Wood frog, Lithobates sylvaticus

Wood frog, Lithobates sylvaticus

Spring salamander, Gyrinophilus porphyriticus

Spring salamander, Gyrinophilus porphyriticus

Immediately following my New Hampshire job, I was rehired by Virginia Tech to go back to Florida to work on their gopher tortoise project. The gopher tortoise is a keystone species in the Southeastern U.S. because it digs burrows that provide shelter for over 300 other species! However, USFWS has this species listed as Threatened for reasons including habitat loss, pet trade, human consumption, relocation, and disease. For this tech position, we used occupancy models to survey gopher tortoise populations where their population is known to be in heavy decline. We also used camera traps to check gopher tortoise burrows for activity levels and for commensal species.

[Funny thing about this job: after three months of actively looking for tortoise burrows, I NEVER ONCE saw an actual tortoise while in the field! The only one I’ve seen in the wild was working for Tracy!]

Juvenile gopher tortoise, Gopherus polyphemus, caught on camera trap eating a leaf outside of its burrow

Juvenile gopher tortoise, Gopherus polyphemus, caught on camera trap eating a leaf outside of its burrow

Eastern diamondback rattlesnake, Crotalus adamanteus, redemption picture...make sure Sean Graham sees this!

Eastern diamondback rattlesnake, Crotalus adamanteus, redemption picture…make sure Sean Graham sees this!

Another really unique opportunity that I had was working for the Smithsonian Conservation Biology Institute Wood Turtle Ecology Department. Wood turtles are endemic to North America and are listed as an endangered species. These turtles obtained their conservation status as a result of habitat destruction, agricultural accidents, and road traffic. I had the opportunity to stream survey and radio-track these turtles as part of a 20-year-long mark-recapture study. We tracked male and female turtles as they made large movements across landscapes. This is important for management purposes because over the course of these “large movements,” turtles will occasionally change watersheds (making it imperative to protect multiple watersheds).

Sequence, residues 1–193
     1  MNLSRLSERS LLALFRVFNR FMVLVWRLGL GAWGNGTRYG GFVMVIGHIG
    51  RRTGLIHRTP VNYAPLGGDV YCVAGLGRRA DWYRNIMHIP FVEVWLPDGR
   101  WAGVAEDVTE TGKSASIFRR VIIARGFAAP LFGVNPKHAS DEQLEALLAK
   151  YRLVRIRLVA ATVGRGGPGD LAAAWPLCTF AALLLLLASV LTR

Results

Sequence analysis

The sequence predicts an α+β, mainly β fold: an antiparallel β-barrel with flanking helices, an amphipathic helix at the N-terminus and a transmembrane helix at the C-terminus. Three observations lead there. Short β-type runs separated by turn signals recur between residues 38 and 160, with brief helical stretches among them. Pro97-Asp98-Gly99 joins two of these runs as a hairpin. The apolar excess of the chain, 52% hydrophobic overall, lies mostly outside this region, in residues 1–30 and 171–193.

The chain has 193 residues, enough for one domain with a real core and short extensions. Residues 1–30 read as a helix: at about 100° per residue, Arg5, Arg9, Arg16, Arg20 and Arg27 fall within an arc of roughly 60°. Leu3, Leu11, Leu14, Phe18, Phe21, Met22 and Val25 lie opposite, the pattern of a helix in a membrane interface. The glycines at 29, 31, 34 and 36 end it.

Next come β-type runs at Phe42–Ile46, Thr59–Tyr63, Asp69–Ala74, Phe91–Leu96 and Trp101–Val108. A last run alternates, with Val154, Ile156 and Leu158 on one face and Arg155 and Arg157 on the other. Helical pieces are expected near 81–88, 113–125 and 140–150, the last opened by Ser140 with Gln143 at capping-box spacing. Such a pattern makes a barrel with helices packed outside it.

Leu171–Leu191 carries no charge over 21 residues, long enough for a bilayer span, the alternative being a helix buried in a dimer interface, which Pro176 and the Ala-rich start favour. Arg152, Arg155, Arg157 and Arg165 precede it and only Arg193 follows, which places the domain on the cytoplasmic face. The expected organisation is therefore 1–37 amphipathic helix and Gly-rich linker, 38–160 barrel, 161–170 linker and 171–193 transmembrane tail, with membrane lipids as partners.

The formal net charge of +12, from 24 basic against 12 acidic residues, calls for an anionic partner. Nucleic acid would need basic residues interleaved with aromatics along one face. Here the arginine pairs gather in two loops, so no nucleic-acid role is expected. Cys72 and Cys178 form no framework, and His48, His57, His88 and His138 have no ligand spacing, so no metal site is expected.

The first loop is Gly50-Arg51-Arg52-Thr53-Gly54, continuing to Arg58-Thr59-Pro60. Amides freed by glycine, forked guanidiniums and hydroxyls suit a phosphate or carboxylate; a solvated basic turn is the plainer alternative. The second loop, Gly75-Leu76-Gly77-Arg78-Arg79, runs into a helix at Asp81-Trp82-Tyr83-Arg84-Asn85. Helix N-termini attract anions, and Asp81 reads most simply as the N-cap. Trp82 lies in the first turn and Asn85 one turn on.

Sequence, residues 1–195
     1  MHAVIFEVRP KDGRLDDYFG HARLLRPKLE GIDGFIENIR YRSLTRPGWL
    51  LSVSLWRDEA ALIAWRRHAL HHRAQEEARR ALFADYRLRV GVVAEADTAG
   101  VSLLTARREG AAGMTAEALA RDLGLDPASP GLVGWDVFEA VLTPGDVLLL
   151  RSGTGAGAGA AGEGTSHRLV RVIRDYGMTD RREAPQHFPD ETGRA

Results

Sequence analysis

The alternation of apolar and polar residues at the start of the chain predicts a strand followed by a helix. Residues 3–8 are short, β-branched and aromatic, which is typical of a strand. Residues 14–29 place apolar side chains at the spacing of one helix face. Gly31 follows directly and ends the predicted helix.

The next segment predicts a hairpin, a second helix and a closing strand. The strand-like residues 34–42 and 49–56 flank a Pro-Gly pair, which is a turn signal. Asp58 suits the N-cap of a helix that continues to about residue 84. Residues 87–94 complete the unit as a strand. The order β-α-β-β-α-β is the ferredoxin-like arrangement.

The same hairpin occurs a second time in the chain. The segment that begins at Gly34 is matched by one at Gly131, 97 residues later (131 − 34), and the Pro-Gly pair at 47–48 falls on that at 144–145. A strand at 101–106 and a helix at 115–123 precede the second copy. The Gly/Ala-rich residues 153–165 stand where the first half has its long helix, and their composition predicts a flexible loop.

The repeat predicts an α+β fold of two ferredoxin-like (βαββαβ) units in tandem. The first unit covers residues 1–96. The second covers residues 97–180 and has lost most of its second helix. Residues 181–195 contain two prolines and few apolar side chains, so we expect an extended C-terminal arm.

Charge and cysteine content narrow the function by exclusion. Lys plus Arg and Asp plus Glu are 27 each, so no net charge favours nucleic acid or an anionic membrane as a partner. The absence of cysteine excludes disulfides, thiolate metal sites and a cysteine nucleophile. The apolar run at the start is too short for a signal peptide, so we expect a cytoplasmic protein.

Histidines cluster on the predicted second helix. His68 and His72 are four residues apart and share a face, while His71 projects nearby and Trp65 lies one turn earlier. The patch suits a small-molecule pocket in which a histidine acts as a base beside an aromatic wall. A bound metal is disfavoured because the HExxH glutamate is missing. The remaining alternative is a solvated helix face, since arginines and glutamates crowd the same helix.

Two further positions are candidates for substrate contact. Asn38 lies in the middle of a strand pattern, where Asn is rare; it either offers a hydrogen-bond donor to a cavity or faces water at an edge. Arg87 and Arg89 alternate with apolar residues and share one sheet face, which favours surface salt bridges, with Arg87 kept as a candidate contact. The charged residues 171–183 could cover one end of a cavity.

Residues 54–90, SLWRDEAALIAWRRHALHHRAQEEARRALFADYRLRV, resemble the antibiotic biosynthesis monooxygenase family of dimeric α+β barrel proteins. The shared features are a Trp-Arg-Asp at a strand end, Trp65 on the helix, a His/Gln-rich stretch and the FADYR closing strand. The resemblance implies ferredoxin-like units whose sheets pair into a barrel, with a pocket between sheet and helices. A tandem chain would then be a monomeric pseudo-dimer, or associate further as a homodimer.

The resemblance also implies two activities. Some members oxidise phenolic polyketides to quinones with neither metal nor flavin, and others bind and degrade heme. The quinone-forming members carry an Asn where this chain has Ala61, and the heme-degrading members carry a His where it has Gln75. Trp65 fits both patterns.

Wood turtle, Glyptemys insculpta, shell

Wood turtle, Glyptemys insculpta, shell

An older wood turtle known as “Gramps”

An older wood turtle known as “Gramps”

Sometimes as a field tech you feel like you’re in this “never-ending loop” of traveling around every few months and constantly meeting new people that you may never see again. It can be very difficult at times but there is a lot to gain from these types of jobs. First, you gain important wildlife skills that prepare you for graduate school (if you choose that route), and second, you have the chance to network with great people from all across the country. It’s a challenging but often necessary step before entering the field of wildlife biology.

In my case, the diversity of experiences from my undergraduate and technician positions have paid off. This fall semester, I’m joining Dr. Kyle Barrett of Clemson University to pursue my Masters of Science in Wildlife and Fisheries Biology. My thesis is still in the works, but I will be surveying target herpetofauna in the Blue Ridge Mountains of South Carolina for the South Carolina Department of Natural Resources. This is a great opportunity for me to apply skills that I’ve learned in my past field experiences. Additionally, it’s also a fantastic way for me to learn new skills in the field and classroom. Furthermore, I am also very excited for my first college football game (no offense, Northeastern)!

My opportunity with the Langkilde Lab opened many doors for me when I graduated from college. I’m very appreciative of the chance and great honor to have been an REU student in this lab, and I really enjoyed working with Tracy and all of her graduate students! I would highly recommend that all undergraduate students do an internship/co-op/REU if possible. The more experience you can get earlier on in your career the better off you will be!


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Studying and Staying Sane

The researchers in our lab have many interests, not all of which are related to science. In this post, undergraduate Tommy Cerri describes his preparation for the MCAT…as well as other actives that help him stay sane. 

Spring 2015 has been one of the most hectic semesters for myself. My time is split between working in the lab, being a full time student, and studying for the MCAT. I plan on taking the MCAT exam this summer in June, and the studying process so far has been grueling. Here is a picture of my study materials I got in the mail earlier this semester. A total of 9 books that I have to get through in only a few short months.